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Today I've gained an insight into the issues our refuse collectors face when emptying household bins and it's made me realise that my support of fortnightly collections has been misguided.
I stayed overnight at my daughter's. She lives in a mews-style development with parking bays in the middle. Bin lorries can't be driven in so collectors have to drag bins quite a way along narrow pathways for emptying. Thanks to shrubbery, it's difficult to see anything that's lower than waist-height and this morning bins weren't collected along the back where my daughter lives. With fortnightly collections and her bin full of cat litter from an unexpected kindle of kittens, it couldn't go another two weeks, so I grabbed it and wheeled it in search of the bin lorry. What a job! Just tipping the thing was tough enough but to have to manoeuvre it along pathways - some of which were blocked by badly parked cars - was really difficult. It was heavy, too.
In checking neighbours' bins to see if they'd been emptied, I encountered some stuffed so full that the lids wouldn't shut; one had maggots not only inside but crawling around the rim. Today's lesson has made me rethink the whole idea of collection schedules...
With fortnightly collections, bins left out for emptying are often overflowing, potentially smelly, may have maggots and are likely to be heavy. Likewise recycling bins and boxes. These will be packed to the brim with food cartons and drinks cans that may not have been washed properly. Although these are less likely to have maggots, they will attract flies - as well as wasps in Summer.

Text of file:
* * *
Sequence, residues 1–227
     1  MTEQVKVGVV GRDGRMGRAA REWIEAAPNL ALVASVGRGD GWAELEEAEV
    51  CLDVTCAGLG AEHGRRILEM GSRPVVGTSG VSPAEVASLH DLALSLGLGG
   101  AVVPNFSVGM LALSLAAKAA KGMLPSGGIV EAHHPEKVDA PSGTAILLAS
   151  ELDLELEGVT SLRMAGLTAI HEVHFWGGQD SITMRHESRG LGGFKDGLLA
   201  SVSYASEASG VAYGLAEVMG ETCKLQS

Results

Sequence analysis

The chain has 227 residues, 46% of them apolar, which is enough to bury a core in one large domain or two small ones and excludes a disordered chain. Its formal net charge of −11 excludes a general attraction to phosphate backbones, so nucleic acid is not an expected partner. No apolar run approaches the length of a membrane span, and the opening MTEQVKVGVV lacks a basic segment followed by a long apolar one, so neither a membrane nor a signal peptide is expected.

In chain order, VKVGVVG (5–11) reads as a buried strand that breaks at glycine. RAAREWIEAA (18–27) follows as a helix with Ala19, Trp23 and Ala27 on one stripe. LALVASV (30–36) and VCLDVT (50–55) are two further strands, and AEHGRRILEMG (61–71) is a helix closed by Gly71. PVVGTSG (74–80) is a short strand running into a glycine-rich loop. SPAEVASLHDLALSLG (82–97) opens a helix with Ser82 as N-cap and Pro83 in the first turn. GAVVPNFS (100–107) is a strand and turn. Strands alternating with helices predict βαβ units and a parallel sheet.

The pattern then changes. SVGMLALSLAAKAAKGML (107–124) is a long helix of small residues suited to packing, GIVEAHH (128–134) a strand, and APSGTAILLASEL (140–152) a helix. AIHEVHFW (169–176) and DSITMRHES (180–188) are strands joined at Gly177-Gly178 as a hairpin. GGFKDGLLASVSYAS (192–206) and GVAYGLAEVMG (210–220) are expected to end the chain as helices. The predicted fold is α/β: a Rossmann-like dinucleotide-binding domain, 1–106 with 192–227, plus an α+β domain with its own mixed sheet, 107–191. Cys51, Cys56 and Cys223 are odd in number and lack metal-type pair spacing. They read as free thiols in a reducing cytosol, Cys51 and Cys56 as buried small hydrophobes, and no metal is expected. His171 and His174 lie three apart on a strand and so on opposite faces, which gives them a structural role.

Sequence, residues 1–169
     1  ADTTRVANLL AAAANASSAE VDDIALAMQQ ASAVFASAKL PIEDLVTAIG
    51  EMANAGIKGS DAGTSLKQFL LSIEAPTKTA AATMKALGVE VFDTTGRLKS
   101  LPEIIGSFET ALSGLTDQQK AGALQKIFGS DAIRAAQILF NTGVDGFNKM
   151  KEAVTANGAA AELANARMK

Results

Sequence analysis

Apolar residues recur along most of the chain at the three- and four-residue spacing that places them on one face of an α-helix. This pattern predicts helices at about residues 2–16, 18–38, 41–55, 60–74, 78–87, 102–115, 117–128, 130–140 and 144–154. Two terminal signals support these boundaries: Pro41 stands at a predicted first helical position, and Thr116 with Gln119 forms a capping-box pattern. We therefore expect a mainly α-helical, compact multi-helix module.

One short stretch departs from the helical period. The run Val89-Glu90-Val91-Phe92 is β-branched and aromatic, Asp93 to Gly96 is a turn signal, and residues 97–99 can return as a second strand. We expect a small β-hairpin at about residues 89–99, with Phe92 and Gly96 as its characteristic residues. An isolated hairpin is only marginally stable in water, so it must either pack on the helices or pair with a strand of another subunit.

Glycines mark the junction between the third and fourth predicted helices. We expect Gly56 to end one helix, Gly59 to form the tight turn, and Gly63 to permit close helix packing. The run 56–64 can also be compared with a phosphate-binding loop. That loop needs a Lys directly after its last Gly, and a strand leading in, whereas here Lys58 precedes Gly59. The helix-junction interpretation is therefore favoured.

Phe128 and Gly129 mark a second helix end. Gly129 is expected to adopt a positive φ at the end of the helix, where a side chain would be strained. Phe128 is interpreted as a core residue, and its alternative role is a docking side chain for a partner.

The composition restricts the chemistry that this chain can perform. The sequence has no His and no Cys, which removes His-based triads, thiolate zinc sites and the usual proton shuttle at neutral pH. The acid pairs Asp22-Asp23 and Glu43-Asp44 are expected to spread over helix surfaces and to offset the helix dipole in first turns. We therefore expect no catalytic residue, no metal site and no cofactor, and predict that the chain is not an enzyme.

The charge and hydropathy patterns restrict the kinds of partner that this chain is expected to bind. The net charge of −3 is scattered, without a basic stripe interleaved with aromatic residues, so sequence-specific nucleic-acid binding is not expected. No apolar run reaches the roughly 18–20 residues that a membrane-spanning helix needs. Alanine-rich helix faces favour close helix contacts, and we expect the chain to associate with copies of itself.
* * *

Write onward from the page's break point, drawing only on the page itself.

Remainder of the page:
The extra difficulties encountered by those making fortnightly collections means the round takes a lot longer, the job is more unpleasant and there will be health and hygiene issues - and fly-tipping - when bins are deliberately (and quite rightly, in my opinion) not collected because they're overflowing or too heavy. I can picture the detrimental effect this will have on the operations that follow, such as those carried out at civic amenity tips and recycling centres.
Weekly collections eliminate these problems, but require more fuel and man-hours. I'm sure councils will have carried out analyses of the costs and am interested to learn why some have continued - or reverted to - weekly collections while others are sticking to fortnightly, and others, I believe, still collect only once every three weeks. Does the local environment, politics or staffing come into it, I wonder?
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This Week's News
I was interested to read the article in Cleanzine on a proposed Toilet Hygiene Rating Scheme, and to follow the subsequent correspondence on the matter. The European Tissue Symposium (ETS) sees this as an interesting initiative.
A certified scheme, with a certificate or badge that is recognised by owners and operators as well as the general public, could offer important guidance as to the hygiene levels required to maintain optimal health & safety - and, of course, it is particularly timely in these times of pandemic.
Investors have rewarded the commercial success of Spotta's smart pest systems with a $1.18 million seed funding round. This investment reflects Spotta's huge potential in global markets in hospitality, farming, forestry and other sectors to solve the £320 bn ($400 bn) problem of insect pests while dramatically reducing pesticide use.